Coyote Removal in Myrtle Beach and Surrounding Areas
Coyotes are a species of wild canine native to North America. They are abundant throughout most of the U.S., including the southeast. There are 19 recognized subspecies of coyotes. They are typically smaller than wolves and can weigh anywhere from 15 to 44 pounds, though the largest coyote on record weighed in at 75 pounds. Their fur varies from gray to red and can include sections of white or black. Coyotes are highly adaptable and easily assimilate into human or urban environments. They are social animals though they are flexible and can live in family units or in loosely knit packs. Coyotes are strictly monogamous and have an average litter size of six pups. They have been observed feeding with and sharing dens with red foxes though they will occasionally eat fox kits.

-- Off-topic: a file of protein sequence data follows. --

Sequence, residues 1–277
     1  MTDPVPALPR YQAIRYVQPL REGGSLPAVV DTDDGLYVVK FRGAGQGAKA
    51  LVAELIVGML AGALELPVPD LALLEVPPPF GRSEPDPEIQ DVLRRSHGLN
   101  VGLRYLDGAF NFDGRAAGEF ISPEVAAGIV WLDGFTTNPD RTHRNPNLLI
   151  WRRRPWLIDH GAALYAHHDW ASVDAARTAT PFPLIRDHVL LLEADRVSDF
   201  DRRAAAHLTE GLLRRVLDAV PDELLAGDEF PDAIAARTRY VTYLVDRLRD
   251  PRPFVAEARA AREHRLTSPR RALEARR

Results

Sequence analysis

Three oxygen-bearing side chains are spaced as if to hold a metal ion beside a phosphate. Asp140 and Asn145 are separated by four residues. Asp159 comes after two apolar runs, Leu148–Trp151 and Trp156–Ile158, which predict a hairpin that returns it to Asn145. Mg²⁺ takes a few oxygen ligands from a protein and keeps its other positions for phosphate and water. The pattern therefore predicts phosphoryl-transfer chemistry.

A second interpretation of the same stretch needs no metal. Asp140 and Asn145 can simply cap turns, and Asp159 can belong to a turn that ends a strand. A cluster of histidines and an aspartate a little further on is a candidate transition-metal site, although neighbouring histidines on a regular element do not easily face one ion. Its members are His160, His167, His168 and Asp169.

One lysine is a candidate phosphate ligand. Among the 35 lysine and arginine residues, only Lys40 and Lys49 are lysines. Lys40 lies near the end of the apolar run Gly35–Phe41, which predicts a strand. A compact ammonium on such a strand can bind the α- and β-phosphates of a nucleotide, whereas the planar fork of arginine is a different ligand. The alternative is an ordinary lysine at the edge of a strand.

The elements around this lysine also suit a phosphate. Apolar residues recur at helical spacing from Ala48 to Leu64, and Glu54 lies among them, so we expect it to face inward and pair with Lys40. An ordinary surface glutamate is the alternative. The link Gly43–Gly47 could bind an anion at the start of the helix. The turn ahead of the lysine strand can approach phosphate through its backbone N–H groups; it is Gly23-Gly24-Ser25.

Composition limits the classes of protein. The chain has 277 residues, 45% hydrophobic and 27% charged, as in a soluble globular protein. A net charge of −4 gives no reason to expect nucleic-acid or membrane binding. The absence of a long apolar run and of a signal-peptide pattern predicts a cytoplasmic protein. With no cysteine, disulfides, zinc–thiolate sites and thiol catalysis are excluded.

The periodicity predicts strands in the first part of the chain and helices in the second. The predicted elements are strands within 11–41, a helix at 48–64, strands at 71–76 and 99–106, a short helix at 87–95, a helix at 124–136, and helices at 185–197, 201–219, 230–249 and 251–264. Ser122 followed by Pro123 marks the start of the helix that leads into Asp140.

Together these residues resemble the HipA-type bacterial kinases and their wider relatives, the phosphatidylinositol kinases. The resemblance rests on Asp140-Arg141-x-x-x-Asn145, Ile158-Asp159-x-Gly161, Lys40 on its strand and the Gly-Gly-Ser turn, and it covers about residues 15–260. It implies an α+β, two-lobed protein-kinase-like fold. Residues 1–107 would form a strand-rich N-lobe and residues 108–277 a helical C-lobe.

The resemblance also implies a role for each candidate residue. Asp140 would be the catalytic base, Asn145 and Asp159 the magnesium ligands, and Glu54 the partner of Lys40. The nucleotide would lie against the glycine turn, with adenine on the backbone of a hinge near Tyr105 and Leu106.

Coyotes are carnivores and will eat rabbits, rodents, deer, birds, reptiles, amphibians, fish, invertebrates and livestock. They have few natural predators. The greatest threats to coyotes aside from humans are gray wolves and cougars/mountain lions. Coyotes are responsible for a large number of attacks on livestock, which causes them to be considered nuisance animals. Attacks on humans are uncommon though they will have confrontations with dogs and cats. Most cats and small dogs do not survive a confrontation with a coyote though larger dogs might survive with immediate medical attention. Coyotes can carry and cause a large number of diseases that can be a threat to pets they come in contact with and of course, a threat to humans if there is contact. They can cause or carry tularemia, rabies, canine distemper, infectious canine hepatitis, equine encephalitis and oral papillomatosis to name a few.